Labour 50p tax plan 'very bad' for economy, says Cameron

Skyline of London's financial district The government cut the top rate of tax from 50p to 45p last April

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Labour's plan to raise the top rate of income tax to 50p is "politically convenient" but "very bad" for the economy, David Cameron has said.

The prime minister told a business conference in London that the move would "cost jobs and investment".

He said the strong reaction from business to the plans illustrated how damaging they could be.

But Labour leader Ed Miliband said it would not stop firms investing and voters now had a "clear choice" on tax.

Senior Labour figures have been defending the pledge to raise the top rate on income tax on salaries above £150,000 from 45p to 50p if they win the next election in 2015.

The last Labour government raised the top rate of tax from 40p to 50p in 2010 but the coalition lowered it to 45p last April.

'Fair and reasonable'

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What is more interesting about the planned tax rise is what it says about battle lines in politics, and the parties' attitudes to high earners and businesses.”

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Business has attacked Labour's pledge, while former trade minister Lord Jones suggested it showed the party was reverting to "tribalism" and putting politics ahead of sound economics.

But Mr Miliband said it was "utterly fair and reasonable" to reverse the coalition's move, given that the majority of taxpayers had suffered an "unprecedented" squeeze on their living standards.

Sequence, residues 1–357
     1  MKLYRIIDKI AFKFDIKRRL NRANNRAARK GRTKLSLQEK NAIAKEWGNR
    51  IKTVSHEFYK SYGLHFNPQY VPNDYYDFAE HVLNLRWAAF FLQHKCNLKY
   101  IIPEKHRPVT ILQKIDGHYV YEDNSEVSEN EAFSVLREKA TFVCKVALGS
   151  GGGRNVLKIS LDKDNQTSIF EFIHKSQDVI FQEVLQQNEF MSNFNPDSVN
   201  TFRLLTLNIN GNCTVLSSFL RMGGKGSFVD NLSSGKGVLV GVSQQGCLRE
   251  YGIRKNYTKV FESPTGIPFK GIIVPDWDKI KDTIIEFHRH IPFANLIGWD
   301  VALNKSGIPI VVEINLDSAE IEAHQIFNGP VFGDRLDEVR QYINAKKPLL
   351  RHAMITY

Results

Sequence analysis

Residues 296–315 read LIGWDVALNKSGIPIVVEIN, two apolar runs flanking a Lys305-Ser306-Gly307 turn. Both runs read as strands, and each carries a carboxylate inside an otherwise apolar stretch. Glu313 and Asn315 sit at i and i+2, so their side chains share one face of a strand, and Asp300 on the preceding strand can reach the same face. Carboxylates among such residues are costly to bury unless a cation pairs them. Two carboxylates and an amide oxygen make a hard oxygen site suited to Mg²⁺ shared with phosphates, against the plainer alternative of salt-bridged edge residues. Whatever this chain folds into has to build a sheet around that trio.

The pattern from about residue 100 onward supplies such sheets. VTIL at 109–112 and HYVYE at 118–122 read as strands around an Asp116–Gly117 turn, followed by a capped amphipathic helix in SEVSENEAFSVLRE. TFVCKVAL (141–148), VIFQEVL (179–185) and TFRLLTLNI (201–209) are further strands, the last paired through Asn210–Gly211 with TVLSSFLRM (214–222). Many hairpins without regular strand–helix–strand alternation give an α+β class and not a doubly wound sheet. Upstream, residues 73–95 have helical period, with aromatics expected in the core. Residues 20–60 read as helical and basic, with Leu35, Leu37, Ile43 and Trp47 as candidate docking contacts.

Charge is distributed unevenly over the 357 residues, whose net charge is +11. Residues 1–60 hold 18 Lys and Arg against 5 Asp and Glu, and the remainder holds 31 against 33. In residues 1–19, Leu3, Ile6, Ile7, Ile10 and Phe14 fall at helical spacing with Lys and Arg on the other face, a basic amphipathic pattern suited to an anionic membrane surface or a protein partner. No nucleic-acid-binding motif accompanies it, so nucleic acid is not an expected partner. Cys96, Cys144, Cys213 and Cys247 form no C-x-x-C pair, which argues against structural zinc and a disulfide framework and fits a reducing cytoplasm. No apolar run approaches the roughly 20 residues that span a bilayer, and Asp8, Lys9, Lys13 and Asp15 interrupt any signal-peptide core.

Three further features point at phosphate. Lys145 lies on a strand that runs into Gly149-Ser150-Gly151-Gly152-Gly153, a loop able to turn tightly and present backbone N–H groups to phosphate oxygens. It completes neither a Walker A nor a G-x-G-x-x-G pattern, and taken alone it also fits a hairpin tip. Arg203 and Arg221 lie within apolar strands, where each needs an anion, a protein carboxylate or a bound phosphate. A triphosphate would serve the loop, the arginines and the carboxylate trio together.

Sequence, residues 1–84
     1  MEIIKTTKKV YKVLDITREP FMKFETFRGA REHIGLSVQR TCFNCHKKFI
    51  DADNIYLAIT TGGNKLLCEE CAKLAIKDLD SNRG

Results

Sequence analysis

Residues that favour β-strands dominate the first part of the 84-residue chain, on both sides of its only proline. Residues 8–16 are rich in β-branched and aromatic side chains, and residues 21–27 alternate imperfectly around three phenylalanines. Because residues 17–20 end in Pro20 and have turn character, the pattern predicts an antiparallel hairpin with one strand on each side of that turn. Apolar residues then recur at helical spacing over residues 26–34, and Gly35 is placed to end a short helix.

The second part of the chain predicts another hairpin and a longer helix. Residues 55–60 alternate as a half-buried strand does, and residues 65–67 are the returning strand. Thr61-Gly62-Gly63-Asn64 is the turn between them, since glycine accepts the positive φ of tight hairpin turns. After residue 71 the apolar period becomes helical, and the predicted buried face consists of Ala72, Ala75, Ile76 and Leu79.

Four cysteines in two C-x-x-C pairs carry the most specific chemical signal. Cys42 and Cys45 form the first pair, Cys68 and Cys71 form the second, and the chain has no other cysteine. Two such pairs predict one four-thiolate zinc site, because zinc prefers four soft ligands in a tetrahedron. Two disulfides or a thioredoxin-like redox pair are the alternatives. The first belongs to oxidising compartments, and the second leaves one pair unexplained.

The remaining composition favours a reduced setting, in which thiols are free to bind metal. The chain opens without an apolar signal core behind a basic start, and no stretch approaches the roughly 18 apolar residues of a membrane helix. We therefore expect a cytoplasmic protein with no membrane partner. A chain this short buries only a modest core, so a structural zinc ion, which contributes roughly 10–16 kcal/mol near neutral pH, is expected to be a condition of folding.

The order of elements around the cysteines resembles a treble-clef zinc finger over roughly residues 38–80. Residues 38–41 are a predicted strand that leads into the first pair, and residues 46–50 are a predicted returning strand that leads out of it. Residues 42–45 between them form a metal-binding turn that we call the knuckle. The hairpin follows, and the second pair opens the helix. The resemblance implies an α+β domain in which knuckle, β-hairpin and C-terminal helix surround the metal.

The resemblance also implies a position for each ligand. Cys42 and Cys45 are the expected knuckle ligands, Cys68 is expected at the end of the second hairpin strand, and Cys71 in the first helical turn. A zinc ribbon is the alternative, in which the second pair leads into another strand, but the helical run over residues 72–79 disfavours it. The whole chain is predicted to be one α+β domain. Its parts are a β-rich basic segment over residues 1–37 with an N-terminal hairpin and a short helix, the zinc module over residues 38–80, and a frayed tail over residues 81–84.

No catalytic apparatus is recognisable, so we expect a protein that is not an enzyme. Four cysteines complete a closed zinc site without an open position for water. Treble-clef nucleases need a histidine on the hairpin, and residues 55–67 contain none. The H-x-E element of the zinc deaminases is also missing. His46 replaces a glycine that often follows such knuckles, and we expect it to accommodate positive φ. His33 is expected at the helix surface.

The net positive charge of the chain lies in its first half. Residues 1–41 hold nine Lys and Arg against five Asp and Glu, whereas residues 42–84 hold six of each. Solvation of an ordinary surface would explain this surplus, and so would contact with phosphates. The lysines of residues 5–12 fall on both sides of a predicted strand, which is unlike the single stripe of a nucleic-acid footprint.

"It will help get the deficit down and it reflects my principle and the principle of the British people that those with the broadest shoulders should bear the greatest burden," he said.

Reacting to calls from the Mayor of London Boris Johnson for the top rate to be reduced to 40p, Mr Miliband said there was a clear difference on tax between the two largest parties.

"Labour has shown very clearly we want fairness in the tax system and we have seen the prime minister offering a different view... so we have set out a very clear choice and the British people know what that choice is."

Shadow Business Secretary Chuka Umunna earlier the told the Federation of Small Businesses annual conference that the move was not "ideological" but would meet Labour's pledge to deliver a budget surplus by 2020.

'Whinging'

Speaking at the same event, Mr Cameron said reinstating 50p was "anti-business, anti-investment and anti-growth".

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There may be some adverse consequences economically but the evidence is they are fairly small”

End Quote John Mills Businessman and Labour donor

While the government had been right to cut the top rate of tax last year even though it was "politically difficult", Labour was now doing the reverse, he claimed.

"I want rich people to pay more taxes," he added. "The way to get rich people to pay more taxes is to get the economy moving, to get them investing, to get them spending, to get them buying, to get them employing."

More than 20 company bosses have written to the Daily Telegraph to condemn the plans but businessman and Labour donor John Mills said the 50p rate had not led to an exodus of entrepreneurs in the past.

He told BBC Radio 4's World at One programme that it may have "some adverse consequences economically but the evidence is they are fairly small".

But Plaid Cymru said Labour were "running scared" of the City and the 50p tax should be made permanent.

The Institute for Fiscal Studies has said the 50p rate would raise less than 1% of what is needed to eliminate the deficit - with the vast bulk likely come from further cuts to public spending.

The BBC's economics editor Robert Peston said the pledge showed how far Labour had moved to the left on tax since Tony Blair was its leader.

He said a commitment not to raise income tax had been a bedrock of New Labour but Ed Miliband believed the banking crisis had changed attitudes and had shifted Labour's position on a range of business issues.

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